A lesson from Skype in pro-active communication

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During my tenure at Yahoo! I was fortunate to have travelled to quite a few countries on business. Wanting to avoid ridiculous hotel phone rates I signed up for SkypeOut. I think I put in around $20 in 2002 and I still have $14 credit today.

Every 6 months or so I get an email from Skype along the lines of "30 days to save your credit". Skype has a policy of expiring unused credit after 180 days but you can extend this for another 180 days as long as you make some sort of transaction on your account.

Whilst it would be great if you could just keep the credit around forever I can see that from an accounting perspective this does raise various issues over a long enough period of time. In lieu of never expiring credit I think Skype does a good job of notifying users about the expiry, and explaining why its necessary from their point of view.

The what:

It appears that you haven't used any of your Skype Credit for quite a while. Your balance expires if you haven't used it for 180 days in a row. You have 30 days left to take action to keep your credit.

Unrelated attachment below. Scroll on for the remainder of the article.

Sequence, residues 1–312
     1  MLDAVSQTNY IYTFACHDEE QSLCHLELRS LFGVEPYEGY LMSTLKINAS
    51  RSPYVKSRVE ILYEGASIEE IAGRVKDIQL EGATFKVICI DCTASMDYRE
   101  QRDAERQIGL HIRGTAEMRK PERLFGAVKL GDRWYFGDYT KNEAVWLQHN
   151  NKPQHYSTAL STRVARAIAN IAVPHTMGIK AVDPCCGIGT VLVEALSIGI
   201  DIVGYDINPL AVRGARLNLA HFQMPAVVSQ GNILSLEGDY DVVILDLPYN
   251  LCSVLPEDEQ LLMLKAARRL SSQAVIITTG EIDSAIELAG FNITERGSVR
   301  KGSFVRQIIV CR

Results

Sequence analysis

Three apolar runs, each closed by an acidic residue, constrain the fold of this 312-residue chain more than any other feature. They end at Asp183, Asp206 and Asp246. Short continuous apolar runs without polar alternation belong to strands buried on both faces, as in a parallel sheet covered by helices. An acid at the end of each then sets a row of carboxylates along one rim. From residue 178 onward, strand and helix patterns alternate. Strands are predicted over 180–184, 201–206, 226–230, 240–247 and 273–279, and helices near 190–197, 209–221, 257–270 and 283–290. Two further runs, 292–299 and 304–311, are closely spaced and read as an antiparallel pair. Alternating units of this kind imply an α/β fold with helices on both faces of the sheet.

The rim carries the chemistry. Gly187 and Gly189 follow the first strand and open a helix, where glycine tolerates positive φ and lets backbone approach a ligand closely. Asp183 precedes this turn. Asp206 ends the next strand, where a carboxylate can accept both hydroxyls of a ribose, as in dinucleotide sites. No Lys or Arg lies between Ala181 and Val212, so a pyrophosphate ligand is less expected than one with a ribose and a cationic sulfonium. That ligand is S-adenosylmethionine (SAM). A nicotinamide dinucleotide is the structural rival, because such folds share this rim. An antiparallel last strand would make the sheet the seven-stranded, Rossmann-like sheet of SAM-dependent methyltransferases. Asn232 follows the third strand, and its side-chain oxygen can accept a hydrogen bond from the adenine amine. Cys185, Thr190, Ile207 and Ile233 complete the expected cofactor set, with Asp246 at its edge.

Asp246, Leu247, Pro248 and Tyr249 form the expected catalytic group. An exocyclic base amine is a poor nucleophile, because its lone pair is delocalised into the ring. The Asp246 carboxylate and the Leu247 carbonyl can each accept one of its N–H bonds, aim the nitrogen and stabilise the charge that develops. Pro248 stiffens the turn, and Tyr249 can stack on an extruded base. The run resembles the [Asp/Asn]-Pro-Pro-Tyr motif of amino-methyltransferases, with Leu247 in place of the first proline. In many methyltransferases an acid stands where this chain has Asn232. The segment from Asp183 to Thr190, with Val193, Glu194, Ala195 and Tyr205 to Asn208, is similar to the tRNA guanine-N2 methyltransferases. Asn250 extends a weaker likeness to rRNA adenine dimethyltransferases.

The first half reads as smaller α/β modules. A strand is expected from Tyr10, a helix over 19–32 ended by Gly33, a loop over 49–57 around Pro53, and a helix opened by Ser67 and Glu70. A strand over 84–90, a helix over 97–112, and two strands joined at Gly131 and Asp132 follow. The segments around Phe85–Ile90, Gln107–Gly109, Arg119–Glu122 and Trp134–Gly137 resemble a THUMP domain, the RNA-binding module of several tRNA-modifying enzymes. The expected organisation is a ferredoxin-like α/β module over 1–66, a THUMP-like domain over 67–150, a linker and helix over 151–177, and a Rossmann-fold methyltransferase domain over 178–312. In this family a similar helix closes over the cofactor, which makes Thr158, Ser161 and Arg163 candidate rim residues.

How to avoid it:

Simple, do any of the following and your Skype Credit balance will be extended for another 180 days:

- Call any phone (landline or mobile) - even if the call lasts for just one second.
- Send an SMS message direct from Skype.
- Purchase a personal online number or subscription.

The why:

Unfortunately, if you don't use your remaining credit, it will expire to comply with normal business accounting rules.

And what they do to help you avoid losing your credit:

We don't want you to lose your credit, so we send reminder emails 30 days, 7 days and 72 hours before your credit expires.

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This page contains a single entry by goosmurf published on May 3, 2009 7:53 PM.

Beating streaming IP restrictions was the previous entry in this blog.

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